1. That no one has her back

In the best of all possible worlds, family cements our sense of belonging; the very opposite is likely to happen to the unloved child who feels both alone and singled out. She learns to approach the world with wariness and unless there is some kind of intervention (therapy or an important relationship with a caring other), she will continue to. She will either see herself as needing no one or constantly vulnerable.

  1. That she’s damaged or “less than”

This sense of being lacking or somehow worthless is learned both from what her mother (and other family members) say and don’t say, do and don’t do, but is magnified by the child’s need to find a reason for why she’s being ignored, marginalized, or put down, as well as unloved. The chances are good that she will blame herself for her predicament, in part because that position echoes what she’s been told about herself. One study suggested that, especially for small children, admitting that the very people on whom you depend are unreliable is sufficiently terrifying that it’s actually less scary to blame yourself than it is to hold your mother or father accountable. In the adult daughter, the feeling of being “less than” can absolutely co-exist with high achievement.

  1. That her feelings and thoughts aren’t to be trusted

This is perhaps the most hobbling of all the lessons learned. Many of these unloving mothers either challenge the daughter’s perceptions—telling her that she’s “too sensitive,” “exaggerating,” or “making things up” when she engages in protest behavior—or actively gaslight her as way of asserting control and undercutting her belief in herself. Because verbal abuse gets internalized as “truths” about her character—resulting in a default position of self-criticism—the unloved daughter is very vulnerable to being manipulated in this way. Some find themselves neither trusting their perceptions nor other people—a sad state of affairs.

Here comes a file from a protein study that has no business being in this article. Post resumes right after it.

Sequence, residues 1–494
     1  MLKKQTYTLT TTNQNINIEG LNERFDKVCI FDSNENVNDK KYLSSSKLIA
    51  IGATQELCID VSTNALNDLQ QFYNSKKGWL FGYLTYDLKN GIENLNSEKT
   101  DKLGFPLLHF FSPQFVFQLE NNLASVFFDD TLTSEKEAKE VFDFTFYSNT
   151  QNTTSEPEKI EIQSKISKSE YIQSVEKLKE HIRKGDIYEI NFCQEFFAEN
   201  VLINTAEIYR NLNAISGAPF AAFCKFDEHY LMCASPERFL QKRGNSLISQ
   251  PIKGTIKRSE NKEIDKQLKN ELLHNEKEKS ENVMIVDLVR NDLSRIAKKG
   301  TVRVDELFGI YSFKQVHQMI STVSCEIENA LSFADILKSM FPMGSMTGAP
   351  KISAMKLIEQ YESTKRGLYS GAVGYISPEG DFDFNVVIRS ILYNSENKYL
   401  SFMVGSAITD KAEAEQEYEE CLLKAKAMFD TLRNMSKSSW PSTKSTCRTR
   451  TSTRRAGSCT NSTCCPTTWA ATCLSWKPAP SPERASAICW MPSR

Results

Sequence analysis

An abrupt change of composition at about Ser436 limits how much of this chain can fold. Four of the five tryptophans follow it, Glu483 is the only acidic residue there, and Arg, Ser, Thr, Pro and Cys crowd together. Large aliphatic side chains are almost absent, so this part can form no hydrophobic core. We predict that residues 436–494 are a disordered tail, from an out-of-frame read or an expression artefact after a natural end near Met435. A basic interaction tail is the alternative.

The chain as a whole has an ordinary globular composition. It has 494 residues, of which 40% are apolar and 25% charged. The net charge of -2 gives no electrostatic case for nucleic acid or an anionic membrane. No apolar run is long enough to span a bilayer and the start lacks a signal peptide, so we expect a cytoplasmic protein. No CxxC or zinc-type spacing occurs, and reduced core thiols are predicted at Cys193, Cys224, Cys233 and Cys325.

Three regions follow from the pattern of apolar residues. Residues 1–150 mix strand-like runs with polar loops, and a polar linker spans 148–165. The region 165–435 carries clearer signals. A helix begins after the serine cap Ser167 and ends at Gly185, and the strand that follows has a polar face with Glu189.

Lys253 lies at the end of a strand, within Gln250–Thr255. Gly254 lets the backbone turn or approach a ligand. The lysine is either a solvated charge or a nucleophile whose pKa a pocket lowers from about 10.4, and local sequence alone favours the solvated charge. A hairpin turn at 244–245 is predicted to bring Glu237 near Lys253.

1. That she needs “rescuing” or “saving”

There’s a reason why fairytales such as Cinderella, Sleeping Beauty, and Snow White resonate with lonely children; they reassure the child that things won’t always be the way they are today and that happiness—no matter how elusive it may seem—can be achieved. Alas, with unloved daughters, this can also lead to confusion about what love is and what it isn’t, especially when it comes to romance. Looking for her prince in the fairytale mode—spurred on by the need to be “rescued”—can lead to some pretty disastrous mistakes such as confusing a need to control with strength, a personality high in narcissistic traits as go-getting or resilient, and the like. It’s only when the daughter realizes that she doesn’t need a knight in shining armor and is more than capable of standing on her own two feet that a partnership of equals becomes a possibility.

The bad lessons learned in childhood leave their mark but can be supplanted with new learning. That’s very good news indeed.

Photograph by Joseph Gonzalez. Copyright free. Pixabay.com

Baumeister, Roy and Ellen Bratslavsky, Catrin Finkenauer and Kathleen D. Vohs, “Bad is Stronger than Good,” Review of General Psychology (2001), vol.5, no.4, 323-370.